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CHON: "Koalas Are Just Super Baked All Day"

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CHON: "Koalas Are Just Super Baked All Day"

Aaron Rogers

San Diego’s CHON writes intricate, ultra-linear fusion-inspired math rock, but with a twist. You can dance to it. Their toe-tappin’ tunes conjure the classic, laid back Southern California vibes of their hometown, complete with sunshine and palm trees, but are punctuated with twitchy, kinetic outbursts of manic energy more akin to hyped up video game soundtracks than the Mahavishnu Orchestra.

Since the release of 2015’s Grow, they’ve toured relentlessly, taking their chops-heavy brand of instrumental rock as far as Austrailia, before returning home to begin work on their sophomore album with engineer / producer Eric Palmquist (The Mars Volta, Trash Talk, Bad Suns).

The result, titled Homey [out June 16], is more about branching out than planting roots. Having previously shunned effects pedals in the studio and on the road, the band turned to Eric Palmquist and his stunning collection of gear to lead them to new sonic territory, embracing new sounds, and allowing happy accidents to guide them to a looser, in-the-moment set of jams.

We caught up with guitarists Mario Camarena and Erick Hansel shortly after tracking had wrapped to discuss the making of the album, and find out how they fared upon entering the Wide World of Effects Pedals for the first time in the band’s eight-year history.

Tickets for the Super CHON Bros. tour are on sale now.

Aaron Rogers: So, you guys are working an album.

Mario Camarena: We actually just finished a couple weeks ago.

Erick Hansel: Not completely finished, but yeah…

MC: We finished tracking and everything.

AR: Still waiting to mix and master?

MC: Yeah, we should be getting the first mix back today actually, so I’m stoked on that.

AR: What’s the album called?

MC: It’s called Homey.

AR: What’s the significance of the title?

MC: This whole time we’ve been touring I’ve realized how much I love living in Southern California. I’ll be on tour and thinking about being back at home, and what comes to mind is typical Sothern California things, like the beach, palm trees, all that. That’s the vibe for this album.

AR: Did you work with a producer?

MC: Yeah, we worked with Eric Palmquist. He actually did our first album as well. He was just the engineer last time. We had all the songs ready to go. But this time, we wanted to have him be more involved in the writing process, and see how that went.

AR: What was that process like? Did you bring completed songs to the sessions? Or did he work with you to develop riffs into songs?

MC: We did both. We had eight instrumental songs that were like the crazy instrumental songs we always made. And he gave his take on those. We also had a bunch of song ideas, just random riffs and stuff that we expanded on with him.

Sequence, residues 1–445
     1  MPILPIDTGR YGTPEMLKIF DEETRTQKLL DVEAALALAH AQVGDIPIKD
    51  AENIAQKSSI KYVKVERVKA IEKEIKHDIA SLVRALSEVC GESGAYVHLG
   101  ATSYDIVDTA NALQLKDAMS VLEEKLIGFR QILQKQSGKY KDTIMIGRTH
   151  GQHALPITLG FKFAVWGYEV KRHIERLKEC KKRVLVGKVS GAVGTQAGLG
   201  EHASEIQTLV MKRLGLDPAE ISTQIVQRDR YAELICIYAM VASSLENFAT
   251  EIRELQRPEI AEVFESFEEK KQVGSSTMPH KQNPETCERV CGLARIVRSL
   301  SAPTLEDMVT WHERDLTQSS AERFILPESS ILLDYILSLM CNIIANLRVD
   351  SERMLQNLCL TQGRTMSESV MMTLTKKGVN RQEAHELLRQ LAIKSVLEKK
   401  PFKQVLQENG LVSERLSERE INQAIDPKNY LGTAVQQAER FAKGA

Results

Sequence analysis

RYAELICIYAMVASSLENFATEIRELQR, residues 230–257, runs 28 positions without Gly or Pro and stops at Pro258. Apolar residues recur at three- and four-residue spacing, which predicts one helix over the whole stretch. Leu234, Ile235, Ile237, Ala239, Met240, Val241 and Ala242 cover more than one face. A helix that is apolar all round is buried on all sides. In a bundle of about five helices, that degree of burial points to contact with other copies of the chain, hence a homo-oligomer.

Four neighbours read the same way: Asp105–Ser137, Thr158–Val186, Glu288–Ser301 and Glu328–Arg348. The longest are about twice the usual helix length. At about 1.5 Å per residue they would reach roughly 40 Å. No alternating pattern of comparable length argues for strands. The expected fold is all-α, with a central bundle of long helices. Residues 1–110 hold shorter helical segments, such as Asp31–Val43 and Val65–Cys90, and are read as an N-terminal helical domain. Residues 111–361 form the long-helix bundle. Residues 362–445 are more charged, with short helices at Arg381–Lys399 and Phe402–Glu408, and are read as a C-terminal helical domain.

AR: I talked to Jonathan Hischke [Dot Hacker, Norah Jones, Marnie Stern] at NAMM and he was saying that he was just about to come in to record some bass parts with you. What was it like working with him?

MC: It was chill. He’s a super nice dude. It was fun. He came in and had some bass ideas for a couple songs and we just collaborated on them for a day. It was cool. We did a couple songs on bass.

AR: Did he do any crazy effects pedal stuff?

MC: He played it a little straighter, but there were a couple parts where he went kinda crazy.

EH: Yeah, there’s a crazy expression pedal that he had. . . I don’t remember what it was.

AR: Are there a lot of pedals on the new album?

MC: Yeah. That’s why we went back to Palmquist. Before we recorded our first album, we weren’t into effects pedals at all. All of our shows where just going straight into our amps, for like 8 years. Then we worked with Palmquist, who has a bunch of EarthQuaker pedals, and he introduced us to the world of effects pedals. And so, this album, we knew we wanted to go heavy in that direction. Palmquist helped us navigate our way through all that stuff.

EH: It really helps all the songs. We wrote the songs thinking about that in mind. How the effects should affect the song . . .

AR: What new sounds are you the most stoked on?

MC: There’s a song where I do a lot of rhythm stuff - backing chords - and I use the Organizer a lot and it sounds so crazy. It sounds really huge, and it’s way different than anything we’ve done. That song is super sick.

EH: There’s a part in one of the songs where I’m like, not playing in key, and because we have the Rainbow Machine goin’ off, going crazy, going up and down, these crazy note patterns, almost like the guitar’s talking to itself, and then I break into a solo after one measure, and we’ve never done anything like that before. So that’s pretty cool.

MC: We actually have noise parts now in some of these songs.

AR: It sounds like the effects led you in a direction that you didn’t see coming.

EH: Yeah, they made us think outside the box. We weren’t trapped in writing - like, oh this part needs to be clean - like how the old songs used to be.

MC: They opened up a totally new world. They put you in a different place when you’re playing with them and it inspires something new. That happened a lot with the album.

AR: What changes will you make in your rig to recreate the sounds on the album?

MC: We’re bringing out a couple of pedalboards this time. Pretty big pedalboards. We’re building a big effects chain so we can start incorporating all that stuff live. I’m super stoked on that. We haven’t really done that before. After our first album, we started taking out the Warden, which is really cool. Palmquist showed us that pedal, and we were like, “Dang, we need to start using this live.” So that was the first pedal we used live. Now I’m stoked to just go crazy with pedals live.